Prerequisite: BIOL 151.

BIOL 360. Environmental Law and Regulations. 3 Credits.

An introduction to environmental laws and policies including their development and current status. State and Federal laws affecting fish and wildlife; their application, administration and the organizational structure of state and federal agencies will be covered.
Typically Offered: Spring, odd years.

BIOL 367. Ichthyology. 4 Credits.

A study of the biology, classification, biogeography, ecology, evolution, and behavior of fishes, with special emphasis to fishes found in the northern Great Plains. Labs cover identification and life histories of fishes and field trips.
Typically Offered: Fall.
Prerequisite: BIOL 151.

BIOL 375. Conservation Biology. 4 Credits.

An introduction to the study and conservation of biodiversity. Topics include historical and current trends in conservation of biological diversity, migratory corridors, endangered species, invasive species, conservation of genetic integrity, and island biogeography.
Typically Offered: Fall.
Prerequisites: BIOL 150, BIOL 151, and BIOL 170.

BIOL 380. Human Sexuality. 3 Credits.

A study of the role and meaning of human sexuality in relations to oneself as well as in all interrelationships with other people. Course work includes a study of anatomy and physiology of the reproductive system, human sexual response, process and role of identity, sexual value systems, contraception, and the importance of sexuality in preparation for family living. Cross-referenced with HPER 380 and PSYC 380.
Typically Offered: Fall, Spring.
Same As: BIOL 380/HPER 380/PSYC 380.

BIOL 394. Independent Study. 1-3 Credits.

Directed reading, study, and/or activities in selected topics.
Typically Offered: On sufficient demand.
Repeatable: Up to 12 Credits.

BIOL 395. Laboratory Preparation and Management. 1 Credit.

A practicum-like course that allows the student to directly assist the instructor in numerous aspects of laboratory instructional delivery. The course is designed to improve the competency of teaching laboratories. This course may be repeated up to three semester credit hours.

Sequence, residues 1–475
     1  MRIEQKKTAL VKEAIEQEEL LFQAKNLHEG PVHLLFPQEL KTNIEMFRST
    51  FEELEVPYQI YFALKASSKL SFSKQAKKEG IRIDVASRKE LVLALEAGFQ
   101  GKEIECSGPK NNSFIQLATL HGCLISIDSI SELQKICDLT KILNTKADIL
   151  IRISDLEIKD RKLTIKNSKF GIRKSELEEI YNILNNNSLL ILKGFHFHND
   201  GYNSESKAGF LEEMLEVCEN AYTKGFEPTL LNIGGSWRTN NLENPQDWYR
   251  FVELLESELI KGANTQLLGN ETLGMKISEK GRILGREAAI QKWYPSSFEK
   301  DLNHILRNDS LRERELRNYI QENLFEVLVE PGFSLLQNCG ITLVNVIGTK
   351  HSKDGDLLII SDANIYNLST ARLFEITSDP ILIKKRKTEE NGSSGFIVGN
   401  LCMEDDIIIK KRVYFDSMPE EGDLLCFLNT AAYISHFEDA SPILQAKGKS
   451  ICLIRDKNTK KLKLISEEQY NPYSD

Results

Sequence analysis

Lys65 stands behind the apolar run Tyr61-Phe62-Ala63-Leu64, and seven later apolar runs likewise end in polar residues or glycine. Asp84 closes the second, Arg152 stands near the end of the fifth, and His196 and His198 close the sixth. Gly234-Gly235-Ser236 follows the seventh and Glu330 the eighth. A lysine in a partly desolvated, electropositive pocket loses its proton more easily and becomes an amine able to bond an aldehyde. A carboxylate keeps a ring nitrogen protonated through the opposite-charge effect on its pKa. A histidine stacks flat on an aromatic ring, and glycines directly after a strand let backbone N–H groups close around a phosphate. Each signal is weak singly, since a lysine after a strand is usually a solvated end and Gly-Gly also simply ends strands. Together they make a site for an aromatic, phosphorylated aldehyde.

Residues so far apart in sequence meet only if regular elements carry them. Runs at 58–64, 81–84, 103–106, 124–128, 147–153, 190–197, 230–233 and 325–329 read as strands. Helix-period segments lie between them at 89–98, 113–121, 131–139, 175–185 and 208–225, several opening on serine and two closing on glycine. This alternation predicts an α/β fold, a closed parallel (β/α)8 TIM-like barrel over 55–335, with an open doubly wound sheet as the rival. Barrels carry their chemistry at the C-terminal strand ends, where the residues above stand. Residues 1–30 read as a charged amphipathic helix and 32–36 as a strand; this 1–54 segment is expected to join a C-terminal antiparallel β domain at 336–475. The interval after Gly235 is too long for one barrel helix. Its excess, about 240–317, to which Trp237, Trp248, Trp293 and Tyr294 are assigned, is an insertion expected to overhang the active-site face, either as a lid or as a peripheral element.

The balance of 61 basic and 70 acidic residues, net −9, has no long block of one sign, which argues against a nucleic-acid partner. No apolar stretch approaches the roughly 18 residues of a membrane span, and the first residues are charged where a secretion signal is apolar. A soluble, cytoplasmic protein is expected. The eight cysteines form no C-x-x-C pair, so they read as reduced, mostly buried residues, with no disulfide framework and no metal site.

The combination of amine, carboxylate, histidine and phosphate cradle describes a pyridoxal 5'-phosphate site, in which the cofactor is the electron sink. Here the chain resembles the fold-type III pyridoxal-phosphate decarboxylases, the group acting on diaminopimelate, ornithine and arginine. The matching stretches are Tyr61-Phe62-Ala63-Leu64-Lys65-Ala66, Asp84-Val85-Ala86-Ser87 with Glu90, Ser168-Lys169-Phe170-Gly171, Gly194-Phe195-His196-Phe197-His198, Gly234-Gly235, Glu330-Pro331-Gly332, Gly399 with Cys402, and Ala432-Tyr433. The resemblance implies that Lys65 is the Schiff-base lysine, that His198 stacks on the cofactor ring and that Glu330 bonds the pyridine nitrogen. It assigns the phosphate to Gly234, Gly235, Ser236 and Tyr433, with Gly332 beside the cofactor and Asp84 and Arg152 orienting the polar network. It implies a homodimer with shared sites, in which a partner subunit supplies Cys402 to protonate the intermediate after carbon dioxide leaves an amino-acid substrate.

Typically Offered: Fall, Spring, Summer.
Repeatable: Up to 3 Credits.

BIOL 399. Special Topics. 1-4 Credits.

Courses not offered in the regular catalog that provide an opportunity to extend student learning.
Typically Offered: On sufficient demand.
Repeatable: Up to 12 Credits.

BIOL 410. Field Ecology. 4 Credits.

A study of plant and animal communities, their diversity, interactions and adaptation to the environment. The course includes extensive fieldwork, independent research, statistical analysis and scientific writing.
Typically Offered: Fall, even years.
Prerequisites: BIOL 150 and BIOL 151.

BIOL 411. Wildlife Management. 4 Credits.

A study of advanced principles and applications of the management of terrestrial vertebrates and their population dynamics. Strategies for wildlife conservation, utilization, and enhancement are covered. Labs cover the collection and analysis of data, scientific writing, and consist of multiple field trips.
Typically Offered: Fall.
Prerequisites: BIOL 121 and BIOL 122.

BIOL 412. Fisheries Management. 4 Credits.

A study of advanced principles of managing fisheries resources with an emphasis on freshwater fishes and ecosystems. Includes field and laboratory techniques used in fisheries management and research.
Typically Offered: Spring.
Prerequisites: BIOL 121, BIOL 122, and BIOL 367.

BIOL 430. Human Dimensions in Fisheries and Wildlife. 3 Credits.

The objective of this course is for students to build an understanding and appreciation for the role of human dimensions in fisheries and wildlife management. Topics covered include public relations and communication for natural resources managers, land ethic, agency administration, natural resource law enforcement, and survey preparation.